All Eyes On ECB, German Recession Looms
The German economy keeps showing signs of being amid a dire situation, as industrial orders fell more than expected in August, due to lower domestic demand.
According to data provided by the German Economy Ministry Industrial orders of German-made goods fell by 0.6 percent (month-to-month) and demand for capital goods went down by 1.6 percent.
“The weakness in demand in the industry continues,” stated the Economy Ministry, adding that the industrial sector remains "subdued the time being.”
The German economy is heavily dependent on its exports, and since global trade tensions aggravate and the Brexit political crisis menaces the economic stability of Europe, the question now is how Germany, and the European Union in general, are going to face an upcoming economic recession.
German's economic situation heavily contrasts with those of the southern European countries, which are currently enjoying solid economic growth, mostly due to a booming construction and tourism sectors. However, this economic slowdown threatens with affecting the Eurozone economy in general, as Germany's economy is currently the most powerful economy in the zone.
Now all eyes are on the European Central Bank, whose attempts to stimulate the European economy, just as their attempt to keep the Eurozone's inflation at its target, have not been as successful as they expected. This reality made the ECB leadership push for a coordinated fiscal strategy in the Eurozone, an alternative that Germany itself opposes.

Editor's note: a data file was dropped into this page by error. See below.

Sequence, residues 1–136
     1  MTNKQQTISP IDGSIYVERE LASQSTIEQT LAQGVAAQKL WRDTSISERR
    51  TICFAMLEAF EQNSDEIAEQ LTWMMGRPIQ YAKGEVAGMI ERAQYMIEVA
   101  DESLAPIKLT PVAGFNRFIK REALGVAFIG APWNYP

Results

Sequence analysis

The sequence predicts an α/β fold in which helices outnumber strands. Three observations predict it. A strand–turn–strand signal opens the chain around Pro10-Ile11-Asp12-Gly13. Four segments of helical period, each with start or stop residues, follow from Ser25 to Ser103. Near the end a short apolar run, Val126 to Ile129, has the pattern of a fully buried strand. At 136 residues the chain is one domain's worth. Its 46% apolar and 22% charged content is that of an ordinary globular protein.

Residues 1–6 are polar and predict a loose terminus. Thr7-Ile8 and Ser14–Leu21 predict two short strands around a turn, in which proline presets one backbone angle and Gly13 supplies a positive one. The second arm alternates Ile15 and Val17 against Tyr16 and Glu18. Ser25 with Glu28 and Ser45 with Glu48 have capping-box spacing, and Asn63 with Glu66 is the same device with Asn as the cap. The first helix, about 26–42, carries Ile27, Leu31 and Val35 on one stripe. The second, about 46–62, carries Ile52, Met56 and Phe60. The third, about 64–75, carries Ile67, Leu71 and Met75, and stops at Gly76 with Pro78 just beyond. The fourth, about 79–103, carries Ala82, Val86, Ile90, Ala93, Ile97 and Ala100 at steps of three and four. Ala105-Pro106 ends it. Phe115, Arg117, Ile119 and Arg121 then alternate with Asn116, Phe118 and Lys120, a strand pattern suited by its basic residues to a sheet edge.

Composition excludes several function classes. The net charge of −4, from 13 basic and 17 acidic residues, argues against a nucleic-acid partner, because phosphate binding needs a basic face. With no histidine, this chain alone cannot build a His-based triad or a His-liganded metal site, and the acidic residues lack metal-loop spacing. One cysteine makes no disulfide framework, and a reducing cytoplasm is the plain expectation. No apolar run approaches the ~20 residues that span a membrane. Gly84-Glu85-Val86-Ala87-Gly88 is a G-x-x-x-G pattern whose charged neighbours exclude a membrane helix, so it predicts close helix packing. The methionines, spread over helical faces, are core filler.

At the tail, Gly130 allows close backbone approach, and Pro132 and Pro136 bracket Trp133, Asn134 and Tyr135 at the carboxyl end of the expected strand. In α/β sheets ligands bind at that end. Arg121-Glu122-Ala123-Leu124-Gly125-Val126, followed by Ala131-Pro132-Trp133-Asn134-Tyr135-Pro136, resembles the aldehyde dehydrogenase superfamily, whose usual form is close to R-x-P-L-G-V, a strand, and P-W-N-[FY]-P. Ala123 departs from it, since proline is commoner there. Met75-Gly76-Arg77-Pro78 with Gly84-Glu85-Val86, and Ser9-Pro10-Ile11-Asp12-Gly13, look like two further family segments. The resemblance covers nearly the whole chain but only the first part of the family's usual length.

The recently released Eurozone Sentix Investor Confidence was at -16.8, behind its last reading at -11.1, hitting a six-year low and showing a deteriorating European Investors' confidence. This is bad news for the Central Bank, which was expecting its recent stimulus moves were going to be met with enthusiasm.
The European Central Bank's failure to manage its monetary policy successfully (it has consistently failed at keeping the Inflation level at its target) and its inability to face an economic slowdown that they considered "temporary" has caused disconformity, even among some of the Bank's former recent officials, who recently released a memorandum criticizing the bank's current monetary policy strategy, calling it "extremely accommodative."
"A decade ago, the ECB's monetary policy made a significant contribution to overcoming the severe recession and consolidating growth thereafter," explained the ECB's ex-top officials, "However, the longer the ECB stays its extremely accommodative path, the more the negative effects prevail," they added.
Among their main points against the Bank's current policy is the ECB's insistence on employing quantitative easing and keeping the interest rates at very low levels despite it's not clear if those moves contribute significantly to the Eurozone's economic growth. The document accuses the ECB of using the quantitative easing mechanism to "protect heavily indebted governments from a rise in interest rates," something that is strictly prohibited by the Maastricht Treaty, while using Targeted Longer-Term Refinancing Operations (or TLTROs) only helps to keep weak banks and companies afloat.
"The longer the ultra-low or negative interest rate policy and liquidity flooding of markets continue, the greater the potential for a setback, Should a major crisis strike, it will be of very different dimensions than those we have seen before." continues the document, adding that central bank independence is on risk.
The ECB minutes are due on October 10 at 11:30 GMT.
By 10:23 GMT the EUR/USD was at the 1.0973, losing 0.03 percent. The EUR/CHF went down by 0.09 percent, at 1.0911 while the EUR/JPY went down by 0.12 percent, at 117.23.